Enormous steps 
forward have certainly been made, yet a recent exhibition at the Triennale in Milan, featuring the work of Italian design studio DeepDesign, demonstrates how a lot more can be accomplished through design thinking.

If simplicity is what design aspires to, inspiration should come from nature, says Raffaella Mangiarotti (of DeepDesign, partnered with Matteo Bazzicalupo). “Formal organicism and functional complexity are combined spontaneously in the world around us without redundancy or aesthetic rigidity, in a pure economy of form.”

By observing flowers – the delicate yet solid forms, the simple beauty and capacity to sway with the wind – the duo has developed two lamps. Bluebells consists of a solid base that holds three flexible stems covered in nautical stocking.

The tops have lights covered with shades in heat-moulded opalescent sandblasted polyethylene, and with a sleeve that clusters the stems and moves up and down, the position of the lights changes in virtually infinite ways and also waves in the wind if the lamp is placed outdoors.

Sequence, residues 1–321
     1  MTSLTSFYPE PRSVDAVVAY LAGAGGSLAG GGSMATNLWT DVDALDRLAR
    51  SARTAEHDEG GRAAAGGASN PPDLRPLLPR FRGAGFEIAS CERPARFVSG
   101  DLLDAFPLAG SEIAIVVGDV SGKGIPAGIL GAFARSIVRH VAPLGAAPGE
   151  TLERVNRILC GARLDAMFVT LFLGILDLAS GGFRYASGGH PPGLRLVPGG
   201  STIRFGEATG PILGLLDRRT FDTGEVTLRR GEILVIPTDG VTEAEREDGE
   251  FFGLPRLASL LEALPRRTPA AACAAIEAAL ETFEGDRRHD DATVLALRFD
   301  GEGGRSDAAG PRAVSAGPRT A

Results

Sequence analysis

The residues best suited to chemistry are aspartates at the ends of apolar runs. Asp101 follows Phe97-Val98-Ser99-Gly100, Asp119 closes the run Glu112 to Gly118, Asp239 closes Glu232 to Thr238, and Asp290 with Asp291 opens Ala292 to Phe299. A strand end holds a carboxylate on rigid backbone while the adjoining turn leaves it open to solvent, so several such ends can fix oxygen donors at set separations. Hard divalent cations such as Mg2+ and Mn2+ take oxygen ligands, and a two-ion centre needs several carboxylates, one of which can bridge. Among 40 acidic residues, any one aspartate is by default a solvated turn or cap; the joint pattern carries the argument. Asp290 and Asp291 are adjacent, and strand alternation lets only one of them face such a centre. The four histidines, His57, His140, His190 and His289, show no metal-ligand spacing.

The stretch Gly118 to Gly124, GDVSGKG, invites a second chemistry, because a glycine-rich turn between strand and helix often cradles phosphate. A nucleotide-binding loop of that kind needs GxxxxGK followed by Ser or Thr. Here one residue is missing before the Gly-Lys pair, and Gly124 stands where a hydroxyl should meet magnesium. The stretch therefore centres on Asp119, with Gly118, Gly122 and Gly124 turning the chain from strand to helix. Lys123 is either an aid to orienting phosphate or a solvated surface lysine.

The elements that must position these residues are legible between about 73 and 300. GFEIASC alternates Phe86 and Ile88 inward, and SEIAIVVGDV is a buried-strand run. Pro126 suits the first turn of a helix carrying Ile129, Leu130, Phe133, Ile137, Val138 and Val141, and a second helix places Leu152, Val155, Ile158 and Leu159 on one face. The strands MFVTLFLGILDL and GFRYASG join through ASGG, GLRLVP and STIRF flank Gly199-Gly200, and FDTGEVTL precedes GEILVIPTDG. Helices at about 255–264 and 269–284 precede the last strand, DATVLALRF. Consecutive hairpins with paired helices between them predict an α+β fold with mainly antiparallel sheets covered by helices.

The other lamp, Dandelion, produced by Tecnodelta, follows a similar approach, comprising a bunch of transparent flutes with high-efficiency LEDs waving onto a slender stem of polycarbonate.

While it may seem easy to innovate in terms of function and aesthetics in lighting by adding a poetic natural touch, a lot more can certainly be achieved by observing daily human tasks.

For example, considering the awkward position that hairstylists are forced to hold while blowdrying, the development of an L-shaped dryer concept was born: lighter and more ergonomic, it does not require a 90-degree torsion of the wrist, which is a major cause of RSI issues.

Similarly, the uterus-inspired washing system conceived for Whirlpool cleans clothes through a slow movement, similar to that of human hands, thoroughly avoiding drastic spinning.

How much more can a creative, authentically curious perspective add in terms of innovation in comparison to a rational, quantitative and marketing-driven approach to product development? DeepDesign’s work presents us with an answer to this question.  

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